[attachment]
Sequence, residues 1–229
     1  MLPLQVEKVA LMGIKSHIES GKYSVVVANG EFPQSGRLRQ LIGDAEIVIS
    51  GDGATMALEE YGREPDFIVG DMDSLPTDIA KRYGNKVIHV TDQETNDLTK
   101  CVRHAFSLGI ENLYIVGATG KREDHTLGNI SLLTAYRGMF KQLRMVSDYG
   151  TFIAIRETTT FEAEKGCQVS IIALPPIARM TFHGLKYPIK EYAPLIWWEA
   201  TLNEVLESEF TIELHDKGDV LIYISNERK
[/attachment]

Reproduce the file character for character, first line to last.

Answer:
Sequence, residues 1–229
     1  MLPLQVEKVA LMGIKSHIES GKYSVVVANG EFPQSGRLRQ LIGDAEIVIS
    51  GDGATMALEE YGREPDFIVG DMDSLPTDIA KRYGNKVIHV TDQETNDLTK
   101  CVRHAFSLGI ENLYIVGATG KREDHTLGNI SLLTAYRGMF KQLRMVSDYG
   151  TFIAIRETTT FEAEKGCQVS IIALPPIARM TFHGLKYPIK EYAPLIWWEA
   201  TLNEVLESEF TIELHDKGDV LIYISNERK